# Frogger

Time Limit: 1 Second Memory Limit: 32768 KB

Freddy Frog is sitting on a stone in the middle of a lake. Suddenly he notices Fiona Frog who is sitting on another stone. He plans to visit her, but since the water is dirty and full of tourists' sunscreen, he wants to avoid swimming and instead reach her by jumping.Unfortunately Fiona's stone is out of his jump range. Therefore Freddy considers to use other stones as intermediate stops and reach her by a sequence of several small jumps.

To execute a given sequence of jumps, a frog's jump range obviously must be at least as long as the longest jump occuring in the sequence.

The frog distance (humans also call it minimax distance) between two stones therefore is defined as the minimum necessary jump range over all possible paths between the two stones.

You are given the coordinates of Freddy's stone, Fiona's stone and all other stones in the lake. Your job is to compute the frog distance between Freddy's and Fiona's stone.

## Input

The input will contain one or more test cases. The first line of each test case will contain the number of stones n (2 <= n <= 200). The next n lines each contain two integers xi, yi (0 <= xi, yi <= 1000) representing the coordinates of stone #i. Stone #1 is Freddy's stone, stone #2 is Fiona's stone, the other n-2 stones are unoccupied. There's a blank line following each test case. Input is terminated by a value of zero (0) for n.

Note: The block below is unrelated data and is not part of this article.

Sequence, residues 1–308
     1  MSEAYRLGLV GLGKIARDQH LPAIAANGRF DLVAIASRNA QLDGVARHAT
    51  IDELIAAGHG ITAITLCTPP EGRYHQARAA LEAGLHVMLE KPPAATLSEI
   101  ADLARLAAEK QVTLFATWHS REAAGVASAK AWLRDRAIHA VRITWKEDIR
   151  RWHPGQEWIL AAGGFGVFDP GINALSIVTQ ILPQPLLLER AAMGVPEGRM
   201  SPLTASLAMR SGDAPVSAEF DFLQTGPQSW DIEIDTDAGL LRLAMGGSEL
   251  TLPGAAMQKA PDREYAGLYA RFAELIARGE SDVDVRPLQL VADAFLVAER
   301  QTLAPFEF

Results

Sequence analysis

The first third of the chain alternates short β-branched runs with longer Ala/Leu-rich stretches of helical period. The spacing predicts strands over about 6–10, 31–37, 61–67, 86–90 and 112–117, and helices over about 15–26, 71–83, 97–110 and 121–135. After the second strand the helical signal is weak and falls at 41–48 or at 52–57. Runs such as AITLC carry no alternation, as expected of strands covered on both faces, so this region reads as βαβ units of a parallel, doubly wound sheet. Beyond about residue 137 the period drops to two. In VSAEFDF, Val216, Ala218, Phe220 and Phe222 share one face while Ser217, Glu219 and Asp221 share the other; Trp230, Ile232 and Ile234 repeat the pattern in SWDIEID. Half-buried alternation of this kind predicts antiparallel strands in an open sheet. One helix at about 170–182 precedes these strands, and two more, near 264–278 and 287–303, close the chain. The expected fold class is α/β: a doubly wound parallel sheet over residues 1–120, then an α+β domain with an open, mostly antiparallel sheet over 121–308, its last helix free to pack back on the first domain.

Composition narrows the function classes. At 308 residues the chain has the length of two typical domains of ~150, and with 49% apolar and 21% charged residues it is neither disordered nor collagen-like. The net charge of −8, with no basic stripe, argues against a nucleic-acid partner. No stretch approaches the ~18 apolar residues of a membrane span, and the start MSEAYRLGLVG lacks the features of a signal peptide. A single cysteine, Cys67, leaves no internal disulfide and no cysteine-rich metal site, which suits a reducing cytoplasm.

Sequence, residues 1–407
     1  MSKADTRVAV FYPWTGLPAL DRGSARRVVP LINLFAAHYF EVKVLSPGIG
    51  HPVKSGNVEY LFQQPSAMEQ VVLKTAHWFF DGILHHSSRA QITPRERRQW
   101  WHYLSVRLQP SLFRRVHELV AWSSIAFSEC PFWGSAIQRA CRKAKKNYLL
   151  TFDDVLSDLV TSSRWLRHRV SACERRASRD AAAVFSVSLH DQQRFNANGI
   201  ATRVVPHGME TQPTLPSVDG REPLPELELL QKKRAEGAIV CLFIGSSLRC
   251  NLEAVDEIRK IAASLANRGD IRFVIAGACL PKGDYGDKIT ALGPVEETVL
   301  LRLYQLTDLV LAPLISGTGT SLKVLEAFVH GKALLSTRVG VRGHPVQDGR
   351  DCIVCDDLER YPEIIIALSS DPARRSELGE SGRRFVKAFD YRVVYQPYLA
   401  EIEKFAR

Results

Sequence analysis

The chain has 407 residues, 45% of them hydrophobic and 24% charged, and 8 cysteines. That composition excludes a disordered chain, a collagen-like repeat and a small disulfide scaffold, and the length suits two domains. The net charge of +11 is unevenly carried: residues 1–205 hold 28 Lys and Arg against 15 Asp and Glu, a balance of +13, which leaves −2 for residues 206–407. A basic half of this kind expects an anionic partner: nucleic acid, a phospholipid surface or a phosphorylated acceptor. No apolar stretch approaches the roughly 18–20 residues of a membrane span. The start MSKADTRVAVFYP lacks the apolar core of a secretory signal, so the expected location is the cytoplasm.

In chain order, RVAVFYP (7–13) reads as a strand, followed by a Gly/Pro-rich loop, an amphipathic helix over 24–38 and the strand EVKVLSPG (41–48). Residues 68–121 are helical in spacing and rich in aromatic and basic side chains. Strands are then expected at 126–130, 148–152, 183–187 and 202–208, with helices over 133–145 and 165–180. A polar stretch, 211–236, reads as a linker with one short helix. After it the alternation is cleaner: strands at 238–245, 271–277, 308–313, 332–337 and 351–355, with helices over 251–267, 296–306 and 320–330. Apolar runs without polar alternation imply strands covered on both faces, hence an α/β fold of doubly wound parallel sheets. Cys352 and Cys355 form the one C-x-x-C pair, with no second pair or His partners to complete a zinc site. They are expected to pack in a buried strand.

## Output

For each test case, print a line saying "Scenario #x" and a line saying "Frog Distance = y" where x is replaced by the test case number (they are numbered from 1) and y is replaced by the appropriate real number, printed to three decimals. Put a blank line after each test case, even after the last one.

## Sample Input

2 0 0 3 4 3 17 4 19 4 18 5 0

## Sample Output

Scenario #1 Frog Distance = 5.000 Scenario #2 Frog Distance = 1.414Submit

Source: University of Ulm Local Contest 1997